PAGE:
In a letter to the acting secretary of the Department of Homeland Security (DHS), University of Notre Dame President Rev. John I. Jenkins, C.S.C., registered his concerns with proposed changes to the department’s policy that would make it harder for international students to enroll in U.S. universities.
If enacted, the policy would limit international students and exchange visitors to a fixed period of two to four years, with the opportunity to apply for an extension. Student visas under the current policy are good for “duration of status,” meaning students can stay in the United States indefinitely if they remain enrolled in school and abide by rules related to their immigration status.
In his letter to Acting Secretary Chad F. Wolf, Father Jenkins wrote that the change “would be unworkable for most foreign students, including those pursuing post-baccalaureate degrees,” since doctoral programs usually take more than four years and even some undergraduate students need five or six years to graduate.
Rather than force international students to cope with more restrictive approval procedures, Father Jenkins suggested that DHS “judge adherence to the existing policy by examining the records of compliance by students at the American universities they attend or at which they hope to enroll,” adding that such an approach is a “fairer and surer way for your department to protect the national security interests of the United States.”
Father Jenkins also expressed concern about the DHS identification of countries that have “purportedly high percentages of visa overstays,” noting that these are “impoverished countries from which few international students manage to enroll in the United States.” Of particular interest to Father Jenkins was the inclusion of Haiti and the Philippines, where Notre Dame has “special relationships among the poor. While DHS reports that students from each country are more likely overstay their visas, Notre Dame has not found that to be the case.” Of the 1,546 international students enrolled at Notre Dame for the 2019-20 academic year, only one did not have a proper departure record, and he was neither Haitian nor Filipino.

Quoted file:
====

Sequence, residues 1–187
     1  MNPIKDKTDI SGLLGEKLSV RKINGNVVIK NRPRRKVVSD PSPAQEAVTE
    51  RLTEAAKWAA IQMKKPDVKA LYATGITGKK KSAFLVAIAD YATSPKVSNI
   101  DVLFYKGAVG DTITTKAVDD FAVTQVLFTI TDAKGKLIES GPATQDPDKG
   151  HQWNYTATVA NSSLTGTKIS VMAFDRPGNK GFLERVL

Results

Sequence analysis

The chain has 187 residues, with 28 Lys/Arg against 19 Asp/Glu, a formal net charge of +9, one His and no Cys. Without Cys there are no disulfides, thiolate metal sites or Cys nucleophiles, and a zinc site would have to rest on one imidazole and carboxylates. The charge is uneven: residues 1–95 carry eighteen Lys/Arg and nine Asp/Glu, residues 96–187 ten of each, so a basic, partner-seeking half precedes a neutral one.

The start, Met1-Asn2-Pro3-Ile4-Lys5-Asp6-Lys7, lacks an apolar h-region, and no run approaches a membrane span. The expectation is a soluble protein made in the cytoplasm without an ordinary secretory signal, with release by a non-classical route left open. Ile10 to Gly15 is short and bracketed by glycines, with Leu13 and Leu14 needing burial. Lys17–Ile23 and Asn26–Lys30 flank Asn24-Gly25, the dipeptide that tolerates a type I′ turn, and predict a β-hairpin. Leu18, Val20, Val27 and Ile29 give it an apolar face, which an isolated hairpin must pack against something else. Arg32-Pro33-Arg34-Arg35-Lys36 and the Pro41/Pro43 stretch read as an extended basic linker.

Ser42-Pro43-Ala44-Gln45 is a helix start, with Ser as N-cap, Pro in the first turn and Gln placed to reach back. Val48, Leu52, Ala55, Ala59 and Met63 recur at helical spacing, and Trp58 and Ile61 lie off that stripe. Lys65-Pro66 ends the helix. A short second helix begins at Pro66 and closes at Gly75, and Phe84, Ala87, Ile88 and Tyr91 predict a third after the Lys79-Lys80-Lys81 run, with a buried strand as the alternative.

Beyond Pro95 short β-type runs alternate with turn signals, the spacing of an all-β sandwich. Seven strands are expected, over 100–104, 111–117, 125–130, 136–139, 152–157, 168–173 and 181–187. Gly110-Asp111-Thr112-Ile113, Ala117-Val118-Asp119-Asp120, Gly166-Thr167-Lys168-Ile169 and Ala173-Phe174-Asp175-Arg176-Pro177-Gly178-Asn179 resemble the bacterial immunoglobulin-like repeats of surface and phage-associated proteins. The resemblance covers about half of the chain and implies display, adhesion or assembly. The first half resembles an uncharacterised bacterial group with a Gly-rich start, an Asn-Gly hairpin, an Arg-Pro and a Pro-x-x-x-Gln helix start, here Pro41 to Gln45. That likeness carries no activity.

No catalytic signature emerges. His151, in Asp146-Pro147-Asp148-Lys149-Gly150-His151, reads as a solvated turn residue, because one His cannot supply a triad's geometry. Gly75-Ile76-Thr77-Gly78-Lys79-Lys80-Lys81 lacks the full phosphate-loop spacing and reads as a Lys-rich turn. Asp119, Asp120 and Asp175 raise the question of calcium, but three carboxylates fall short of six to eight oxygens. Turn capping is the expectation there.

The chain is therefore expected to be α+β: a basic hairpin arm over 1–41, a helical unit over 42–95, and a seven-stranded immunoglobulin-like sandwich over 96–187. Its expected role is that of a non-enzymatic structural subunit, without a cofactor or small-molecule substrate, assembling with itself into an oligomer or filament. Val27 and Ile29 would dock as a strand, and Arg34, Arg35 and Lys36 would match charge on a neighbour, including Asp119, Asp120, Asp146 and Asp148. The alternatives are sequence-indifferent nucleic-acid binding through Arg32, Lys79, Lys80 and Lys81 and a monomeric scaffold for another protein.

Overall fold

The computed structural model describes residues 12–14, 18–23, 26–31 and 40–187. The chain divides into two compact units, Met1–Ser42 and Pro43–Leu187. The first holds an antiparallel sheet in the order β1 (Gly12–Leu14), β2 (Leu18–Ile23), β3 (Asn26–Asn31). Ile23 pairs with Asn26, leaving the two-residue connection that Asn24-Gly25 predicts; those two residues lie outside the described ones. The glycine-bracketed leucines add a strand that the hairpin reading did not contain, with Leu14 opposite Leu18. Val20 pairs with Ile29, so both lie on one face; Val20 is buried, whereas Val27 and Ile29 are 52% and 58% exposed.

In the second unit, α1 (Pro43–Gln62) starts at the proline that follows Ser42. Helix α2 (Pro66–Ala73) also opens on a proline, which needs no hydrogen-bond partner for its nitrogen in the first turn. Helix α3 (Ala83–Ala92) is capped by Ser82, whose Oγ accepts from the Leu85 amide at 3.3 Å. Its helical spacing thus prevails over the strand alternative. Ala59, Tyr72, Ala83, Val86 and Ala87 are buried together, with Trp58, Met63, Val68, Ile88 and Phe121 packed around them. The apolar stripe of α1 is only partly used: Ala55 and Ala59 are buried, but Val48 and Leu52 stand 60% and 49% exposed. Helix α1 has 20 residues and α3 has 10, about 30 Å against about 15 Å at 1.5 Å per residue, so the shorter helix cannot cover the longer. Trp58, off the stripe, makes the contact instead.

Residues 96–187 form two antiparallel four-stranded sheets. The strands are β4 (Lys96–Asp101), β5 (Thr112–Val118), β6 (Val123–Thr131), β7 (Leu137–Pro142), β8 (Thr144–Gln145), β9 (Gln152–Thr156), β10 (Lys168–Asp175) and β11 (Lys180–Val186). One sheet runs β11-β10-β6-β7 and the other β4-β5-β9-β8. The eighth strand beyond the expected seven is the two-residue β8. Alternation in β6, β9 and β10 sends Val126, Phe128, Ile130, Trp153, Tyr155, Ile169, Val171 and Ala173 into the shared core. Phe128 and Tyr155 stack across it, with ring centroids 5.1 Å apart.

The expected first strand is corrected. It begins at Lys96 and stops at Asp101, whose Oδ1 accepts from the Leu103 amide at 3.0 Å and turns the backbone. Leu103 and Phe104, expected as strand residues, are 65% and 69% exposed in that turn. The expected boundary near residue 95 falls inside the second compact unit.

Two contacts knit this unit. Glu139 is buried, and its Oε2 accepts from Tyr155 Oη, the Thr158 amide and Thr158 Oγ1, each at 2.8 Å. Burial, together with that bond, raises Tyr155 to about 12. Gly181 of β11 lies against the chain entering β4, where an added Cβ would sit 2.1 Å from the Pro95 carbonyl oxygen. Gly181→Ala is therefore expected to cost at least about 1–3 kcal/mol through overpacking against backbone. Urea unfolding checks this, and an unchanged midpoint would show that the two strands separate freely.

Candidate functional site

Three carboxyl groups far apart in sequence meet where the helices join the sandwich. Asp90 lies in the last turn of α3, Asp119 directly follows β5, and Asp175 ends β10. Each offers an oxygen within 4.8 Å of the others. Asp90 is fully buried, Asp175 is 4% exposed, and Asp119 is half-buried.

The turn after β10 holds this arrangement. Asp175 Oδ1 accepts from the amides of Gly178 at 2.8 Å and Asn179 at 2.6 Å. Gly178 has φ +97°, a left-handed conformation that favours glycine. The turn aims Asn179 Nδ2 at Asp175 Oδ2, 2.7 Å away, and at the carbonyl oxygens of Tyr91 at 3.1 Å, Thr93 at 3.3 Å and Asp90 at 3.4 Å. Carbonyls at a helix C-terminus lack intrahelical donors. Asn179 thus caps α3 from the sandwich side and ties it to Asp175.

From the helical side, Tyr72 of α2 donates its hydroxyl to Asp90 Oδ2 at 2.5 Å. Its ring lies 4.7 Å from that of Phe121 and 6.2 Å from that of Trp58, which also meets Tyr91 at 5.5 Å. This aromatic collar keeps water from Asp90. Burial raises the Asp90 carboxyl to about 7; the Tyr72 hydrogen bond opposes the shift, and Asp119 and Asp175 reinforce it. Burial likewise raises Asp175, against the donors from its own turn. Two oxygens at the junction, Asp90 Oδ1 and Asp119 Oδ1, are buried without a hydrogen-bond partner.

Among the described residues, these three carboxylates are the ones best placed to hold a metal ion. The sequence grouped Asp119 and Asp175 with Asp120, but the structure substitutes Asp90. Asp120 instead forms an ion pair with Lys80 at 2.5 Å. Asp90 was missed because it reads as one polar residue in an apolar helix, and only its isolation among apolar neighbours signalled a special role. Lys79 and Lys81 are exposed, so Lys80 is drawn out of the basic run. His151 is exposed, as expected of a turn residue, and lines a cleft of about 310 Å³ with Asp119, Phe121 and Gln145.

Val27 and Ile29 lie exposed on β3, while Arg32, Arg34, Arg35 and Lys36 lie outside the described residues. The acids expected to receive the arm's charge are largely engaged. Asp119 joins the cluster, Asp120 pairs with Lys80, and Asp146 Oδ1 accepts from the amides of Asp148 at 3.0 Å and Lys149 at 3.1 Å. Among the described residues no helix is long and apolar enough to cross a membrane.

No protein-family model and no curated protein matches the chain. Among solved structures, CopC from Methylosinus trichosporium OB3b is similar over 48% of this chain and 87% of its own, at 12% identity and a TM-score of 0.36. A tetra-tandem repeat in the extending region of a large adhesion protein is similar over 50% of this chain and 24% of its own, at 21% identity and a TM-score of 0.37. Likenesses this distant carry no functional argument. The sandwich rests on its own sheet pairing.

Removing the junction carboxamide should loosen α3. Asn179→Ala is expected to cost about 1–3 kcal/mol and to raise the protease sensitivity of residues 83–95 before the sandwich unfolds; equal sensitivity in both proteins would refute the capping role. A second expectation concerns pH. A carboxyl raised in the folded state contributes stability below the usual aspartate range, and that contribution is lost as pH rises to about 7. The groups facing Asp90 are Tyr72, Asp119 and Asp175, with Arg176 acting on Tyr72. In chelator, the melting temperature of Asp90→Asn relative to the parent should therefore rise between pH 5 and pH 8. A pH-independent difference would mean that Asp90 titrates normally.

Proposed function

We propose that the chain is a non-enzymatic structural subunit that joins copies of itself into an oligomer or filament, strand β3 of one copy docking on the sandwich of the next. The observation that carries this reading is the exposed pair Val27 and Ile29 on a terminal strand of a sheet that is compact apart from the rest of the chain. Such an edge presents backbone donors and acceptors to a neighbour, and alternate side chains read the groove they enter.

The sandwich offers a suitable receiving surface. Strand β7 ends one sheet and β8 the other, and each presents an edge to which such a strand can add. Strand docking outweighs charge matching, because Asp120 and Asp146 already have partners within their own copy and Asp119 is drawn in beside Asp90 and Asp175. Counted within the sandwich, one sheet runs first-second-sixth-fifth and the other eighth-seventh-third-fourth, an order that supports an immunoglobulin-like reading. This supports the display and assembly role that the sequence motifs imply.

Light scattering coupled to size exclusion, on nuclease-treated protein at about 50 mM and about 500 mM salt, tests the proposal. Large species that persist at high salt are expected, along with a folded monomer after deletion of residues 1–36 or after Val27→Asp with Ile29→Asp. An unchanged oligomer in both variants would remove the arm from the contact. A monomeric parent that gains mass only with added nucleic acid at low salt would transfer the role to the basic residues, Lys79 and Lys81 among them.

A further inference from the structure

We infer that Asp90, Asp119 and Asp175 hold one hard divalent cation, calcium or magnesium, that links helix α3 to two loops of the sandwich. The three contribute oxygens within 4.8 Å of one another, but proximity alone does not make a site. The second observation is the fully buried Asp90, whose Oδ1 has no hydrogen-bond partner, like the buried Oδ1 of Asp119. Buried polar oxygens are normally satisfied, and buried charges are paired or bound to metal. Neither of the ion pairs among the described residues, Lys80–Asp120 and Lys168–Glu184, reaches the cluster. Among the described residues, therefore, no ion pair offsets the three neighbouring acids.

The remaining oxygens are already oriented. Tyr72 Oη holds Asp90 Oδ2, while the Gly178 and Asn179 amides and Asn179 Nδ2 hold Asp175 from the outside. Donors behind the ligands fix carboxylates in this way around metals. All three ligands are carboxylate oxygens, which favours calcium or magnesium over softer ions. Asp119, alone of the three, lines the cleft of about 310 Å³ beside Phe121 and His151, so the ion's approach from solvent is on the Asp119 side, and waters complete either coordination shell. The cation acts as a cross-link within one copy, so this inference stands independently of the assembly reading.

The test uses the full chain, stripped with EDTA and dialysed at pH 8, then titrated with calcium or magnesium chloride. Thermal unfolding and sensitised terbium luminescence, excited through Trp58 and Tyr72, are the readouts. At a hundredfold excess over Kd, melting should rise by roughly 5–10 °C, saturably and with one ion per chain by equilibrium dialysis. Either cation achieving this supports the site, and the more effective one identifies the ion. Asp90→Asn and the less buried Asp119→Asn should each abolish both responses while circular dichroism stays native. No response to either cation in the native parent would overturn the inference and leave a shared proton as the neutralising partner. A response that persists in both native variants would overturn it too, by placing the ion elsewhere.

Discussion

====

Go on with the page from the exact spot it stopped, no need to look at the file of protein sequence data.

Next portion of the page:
In closing, Father Jenkins wrote that he was “encouraged by DHS recognition that American higher education is the envy of the world” as well as by the “increasing number of foreign students who are seeking degrees from and enrolling in American universities. I recognize that your department is responsible for screening these increasing numbers of foreign students. However, DHS funding should be increased to meet the demand rather than restrict wholesale admission of desirable foreign students to our institutions of higher learning.”
Notre Dame will submit in coming days a formal, comprehensive comment in opposition to the proposed rule change.
Father Jenkins’ letter can be read in full here.